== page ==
Tips To Find Your Profitable Idea

Most people get really anxious when it’s time to start developing ideas for their business.

Lots of people love the idea of brainstorming ideas…but can never actually find an idea that they like enough to execute. I’m not sure if there’s some weird internal test that gets run in our heads that makes us believe an idea isn’t “good enough” — but for whatever reason, it seems like there are two huge problems when it comes to developing an idea:

1. We don’t think we have any good ideas, so there’s nothing we can possibly see succeeding. This is the guy who’s always telling you about a new project he wants to start, then you find out two weeks later he’s already abandoned it.

2. We think we have too many good ideas, and we are completely confused as to which one we should run with long term. This is the guy who always has 12 projects brewing at the same time, all in various stages of progress, none really doing well.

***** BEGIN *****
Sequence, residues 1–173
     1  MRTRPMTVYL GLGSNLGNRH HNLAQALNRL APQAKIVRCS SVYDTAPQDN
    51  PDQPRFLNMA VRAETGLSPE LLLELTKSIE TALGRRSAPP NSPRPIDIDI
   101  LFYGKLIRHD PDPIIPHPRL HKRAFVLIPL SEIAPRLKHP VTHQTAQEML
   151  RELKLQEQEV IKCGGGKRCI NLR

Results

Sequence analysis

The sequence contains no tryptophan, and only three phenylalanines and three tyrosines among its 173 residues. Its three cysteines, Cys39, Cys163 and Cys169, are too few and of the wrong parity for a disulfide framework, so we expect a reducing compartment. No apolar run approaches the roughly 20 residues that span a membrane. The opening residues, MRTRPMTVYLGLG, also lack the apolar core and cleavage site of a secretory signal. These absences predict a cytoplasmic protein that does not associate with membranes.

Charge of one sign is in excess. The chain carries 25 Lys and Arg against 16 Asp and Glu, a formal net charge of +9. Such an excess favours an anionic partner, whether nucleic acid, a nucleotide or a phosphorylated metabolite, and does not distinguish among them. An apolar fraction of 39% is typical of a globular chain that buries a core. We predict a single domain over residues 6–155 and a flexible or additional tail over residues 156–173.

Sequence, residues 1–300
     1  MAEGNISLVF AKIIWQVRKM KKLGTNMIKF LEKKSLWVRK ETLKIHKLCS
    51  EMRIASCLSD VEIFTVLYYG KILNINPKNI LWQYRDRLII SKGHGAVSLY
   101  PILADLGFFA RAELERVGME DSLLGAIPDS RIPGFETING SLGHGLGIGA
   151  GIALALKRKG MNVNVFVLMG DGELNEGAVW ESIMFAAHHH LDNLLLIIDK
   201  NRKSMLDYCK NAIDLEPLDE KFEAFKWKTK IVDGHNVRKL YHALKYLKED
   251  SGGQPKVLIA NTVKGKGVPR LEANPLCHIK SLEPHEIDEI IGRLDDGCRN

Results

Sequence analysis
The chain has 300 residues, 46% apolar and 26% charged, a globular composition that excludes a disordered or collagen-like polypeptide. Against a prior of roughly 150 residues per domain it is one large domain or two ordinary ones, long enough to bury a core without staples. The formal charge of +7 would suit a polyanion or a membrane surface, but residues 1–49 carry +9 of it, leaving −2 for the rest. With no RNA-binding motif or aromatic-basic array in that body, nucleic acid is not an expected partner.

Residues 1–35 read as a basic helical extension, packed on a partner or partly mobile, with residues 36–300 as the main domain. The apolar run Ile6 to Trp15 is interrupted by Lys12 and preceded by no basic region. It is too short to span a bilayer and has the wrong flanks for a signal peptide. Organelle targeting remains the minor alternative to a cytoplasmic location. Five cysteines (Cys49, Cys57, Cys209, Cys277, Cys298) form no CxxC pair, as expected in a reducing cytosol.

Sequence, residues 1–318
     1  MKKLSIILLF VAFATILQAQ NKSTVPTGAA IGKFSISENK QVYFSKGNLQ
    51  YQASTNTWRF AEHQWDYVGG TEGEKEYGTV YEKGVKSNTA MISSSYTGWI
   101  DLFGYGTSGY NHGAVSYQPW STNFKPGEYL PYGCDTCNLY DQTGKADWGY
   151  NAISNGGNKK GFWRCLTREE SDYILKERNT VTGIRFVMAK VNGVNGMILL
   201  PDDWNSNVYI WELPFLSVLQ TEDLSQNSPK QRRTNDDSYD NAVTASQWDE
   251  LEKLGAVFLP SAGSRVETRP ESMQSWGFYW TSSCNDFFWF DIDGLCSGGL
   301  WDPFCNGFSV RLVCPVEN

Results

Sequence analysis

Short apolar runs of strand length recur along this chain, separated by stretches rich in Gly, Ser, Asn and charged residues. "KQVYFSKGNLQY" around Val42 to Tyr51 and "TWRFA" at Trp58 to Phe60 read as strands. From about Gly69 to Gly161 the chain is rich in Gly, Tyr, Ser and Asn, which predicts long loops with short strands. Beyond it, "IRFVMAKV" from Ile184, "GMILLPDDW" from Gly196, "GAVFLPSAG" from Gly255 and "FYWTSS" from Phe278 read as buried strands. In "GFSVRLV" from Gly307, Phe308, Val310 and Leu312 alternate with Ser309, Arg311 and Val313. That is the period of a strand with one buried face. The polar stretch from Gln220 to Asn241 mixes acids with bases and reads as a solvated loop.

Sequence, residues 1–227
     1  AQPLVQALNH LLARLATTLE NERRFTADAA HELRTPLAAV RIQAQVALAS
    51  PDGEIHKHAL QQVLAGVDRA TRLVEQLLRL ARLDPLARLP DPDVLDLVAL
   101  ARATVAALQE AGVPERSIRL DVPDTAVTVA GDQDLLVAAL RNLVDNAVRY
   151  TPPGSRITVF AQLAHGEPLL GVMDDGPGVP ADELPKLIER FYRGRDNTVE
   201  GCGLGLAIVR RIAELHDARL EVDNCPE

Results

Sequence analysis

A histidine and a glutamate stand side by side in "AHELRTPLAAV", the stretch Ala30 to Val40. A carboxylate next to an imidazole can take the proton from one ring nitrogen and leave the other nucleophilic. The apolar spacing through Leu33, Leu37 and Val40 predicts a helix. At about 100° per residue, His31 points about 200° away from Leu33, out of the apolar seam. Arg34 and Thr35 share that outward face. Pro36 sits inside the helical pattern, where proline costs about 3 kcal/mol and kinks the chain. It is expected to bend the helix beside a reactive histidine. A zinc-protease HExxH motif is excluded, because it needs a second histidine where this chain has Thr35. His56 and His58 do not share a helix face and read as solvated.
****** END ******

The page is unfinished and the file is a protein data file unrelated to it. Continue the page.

While these seem to be opposing concepts, they often ensnare us in the same dilemma: half-starting and eventually quitting. So where should you be focusing your time and energy? How do you know if your idea is good enough to “make it.”

First, remember something crucial: All businesses — services or products, online or offline — are a direct response to a problem. The purpose of a business….the only reason it exists, in fact, is to solve a problem. You should be actively thinking of how you can solve other people’s problems. On a day-to-day basis, you should be thinking about thing you and others around you struggle with…then find ways to solve those headaches through an idea, device, service or piece of software.

Better yet, start pretending you’re Olivia Pope and become relentless in your approach to problem solving and “fixing” things.

Coming up with fresh business ideas shouldn’t be something that you just do once a year when you need some money. If you want to be an entrepreneur, you must fundamentally change the way you look at the world, always seeking out opportunities to serve other people and get paid in return. With this in mind, your well of creative inspiration will never run dry. There are four places I look when I want to come up with a new business idea quickly: